Myanmar’s export industry has suffered under the COVID-19 pandemic since the disease first began to spread within China. A new survey has quantified the damage: 76% of Myanmar exporters have been moderately to severely affected by the pandemic, and 50% have seen reduced demand from foreign buyers, according to an impact assessment by export promotion organization MyanTrade. “This pragmatic report, emerging from Myanmar’s National Export Strategy design process, highlights that recovery will take some time and that key reforms will need to be engaged,” Mizzima News quoted MyanTrade director general Daw Naw Mutakapaw as saying.
In addition to reduced demand due to a general global economic downturn, Myanmar has seen a drop in demand from its land neighbors, especially China and Thailand. Trade across the Chinese border began to plunge as early as January when China tightly restricted cross-border traffic and closed key trade routes in an effort to contain the spread of the coronavirus. Rice in particular sustained a blow in March when China restricted its rice imports to only a handful of approved traders. (China has since expanded its list of approved rice exporters to 43.) Thailand, too, would seal its borders, and in March the Ministry of Commerce reported a drop of nearly USD 100 million in trade with Thailand against the 2018-2019 previous fiscal year. The drop in trade with Thailand especially damaged Myanmar’s fishing industry, with fish traders stuck with warehouses of rotting seafood.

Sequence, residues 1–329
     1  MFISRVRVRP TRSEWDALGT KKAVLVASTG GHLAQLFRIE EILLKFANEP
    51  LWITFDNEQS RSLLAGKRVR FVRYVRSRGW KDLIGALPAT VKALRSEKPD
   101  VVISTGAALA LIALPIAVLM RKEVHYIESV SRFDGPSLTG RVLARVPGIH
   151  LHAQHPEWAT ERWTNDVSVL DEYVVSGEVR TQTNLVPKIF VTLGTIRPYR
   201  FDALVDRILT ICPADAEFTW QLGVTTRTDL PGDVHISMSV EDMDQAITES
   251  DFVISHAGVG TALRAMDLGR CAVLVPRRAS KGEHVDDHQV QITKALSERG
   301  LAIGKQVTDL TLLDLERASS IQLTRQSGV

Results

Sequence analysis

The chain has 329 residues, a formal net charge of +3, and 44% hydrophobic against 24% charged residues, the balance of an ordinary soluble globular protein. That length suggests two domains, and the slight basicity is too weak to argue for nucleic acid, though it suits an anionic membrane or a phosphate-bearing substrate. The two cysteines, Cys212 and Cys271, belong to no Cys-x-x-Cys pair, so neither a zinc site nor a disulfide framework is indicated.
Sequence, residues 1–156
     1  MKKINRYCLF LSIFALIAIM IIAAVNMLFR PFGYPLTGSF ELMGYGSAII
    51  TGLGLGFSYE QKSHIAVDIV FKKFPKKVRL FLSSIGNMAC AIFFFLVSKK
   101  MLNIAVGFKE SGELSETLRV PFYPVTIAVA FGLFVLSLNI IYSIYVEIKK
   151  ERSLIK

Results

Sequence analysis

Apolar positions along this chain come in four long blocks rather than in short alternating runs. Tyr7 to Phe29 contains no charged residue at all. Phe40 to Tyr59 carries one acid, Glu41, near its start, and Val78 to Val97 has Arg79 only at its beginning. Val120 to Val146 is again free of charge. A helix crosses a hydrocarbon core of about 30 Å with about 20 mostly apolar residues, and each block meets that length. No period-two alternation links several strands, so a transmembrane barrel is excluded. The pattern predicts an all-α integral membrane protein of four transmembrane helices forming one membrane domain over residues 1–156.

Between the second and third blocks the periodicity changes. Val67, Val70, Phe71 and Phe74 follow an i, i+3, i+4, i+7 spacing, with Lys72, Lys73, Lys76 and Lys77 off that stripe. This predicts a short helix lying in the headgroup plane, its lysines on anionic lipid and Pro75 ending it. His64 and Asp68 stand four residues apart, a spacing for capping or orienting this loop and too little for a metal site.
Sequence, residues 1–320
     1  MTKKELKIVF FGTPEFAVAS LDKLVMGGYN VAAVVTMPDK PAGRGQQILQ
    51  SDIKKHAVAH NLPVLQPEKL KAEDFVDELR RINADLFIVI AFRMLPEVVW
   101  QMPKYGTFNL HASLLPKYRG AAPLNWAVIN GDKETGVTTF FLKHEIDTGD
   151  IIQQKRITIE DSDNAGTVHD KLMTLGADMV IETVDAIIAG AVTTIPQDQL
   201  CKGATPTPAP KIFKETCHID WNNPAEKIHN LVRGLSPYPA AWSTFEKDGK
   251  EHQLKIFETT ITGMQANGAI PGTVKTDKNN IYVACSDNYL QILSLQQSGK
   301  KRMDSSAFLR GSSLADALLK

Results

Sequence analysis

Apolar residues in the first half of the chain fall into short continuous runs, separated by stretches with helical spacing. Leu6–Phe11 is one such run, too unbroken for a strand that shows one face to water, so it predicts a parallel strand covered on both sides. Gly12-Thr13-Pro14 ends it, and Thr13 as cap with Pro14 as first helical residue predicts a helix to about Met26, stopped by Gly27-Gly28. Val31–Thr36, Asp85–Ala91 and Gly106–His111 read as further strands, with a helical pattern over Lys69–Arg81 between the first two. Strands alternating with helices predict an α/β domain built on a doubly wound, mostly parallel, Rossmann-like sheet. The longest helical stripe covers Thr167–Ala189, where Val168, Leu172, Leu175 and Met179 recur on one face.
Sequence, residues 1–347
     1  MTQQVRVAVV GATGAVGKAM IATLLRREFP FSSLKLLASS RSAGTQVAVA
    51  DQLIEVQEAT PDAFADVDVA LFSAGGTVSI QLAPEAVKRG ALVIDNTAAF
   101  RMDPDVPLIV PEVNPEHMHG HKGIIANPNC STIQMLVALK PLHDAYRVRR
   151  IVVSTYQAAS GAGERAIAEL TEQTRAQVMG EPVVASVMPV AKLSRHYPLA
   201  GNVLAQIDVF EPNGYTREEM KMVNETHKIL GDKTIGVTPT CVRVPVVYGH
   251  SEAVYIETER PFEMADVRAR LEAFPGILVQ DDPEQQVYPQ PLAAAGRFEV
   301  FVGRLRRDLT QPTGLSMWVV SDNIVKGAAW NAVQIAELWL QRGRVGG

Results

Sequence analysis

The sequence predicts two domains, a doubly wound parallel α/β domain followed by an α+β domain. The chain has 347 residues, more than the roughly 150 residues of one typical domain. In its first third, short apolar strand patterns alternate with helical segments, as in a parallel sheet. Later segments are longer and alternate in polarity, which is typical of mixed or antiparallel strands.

Exporters, however, are among the businesses eligible for soft loans and other benefits of the COVID-19 Economic Recovery Plan, for which the government will spend around USD 2.5 billion (mostly supplied by foreign development loans) on myriad economic protection and stimulus measures.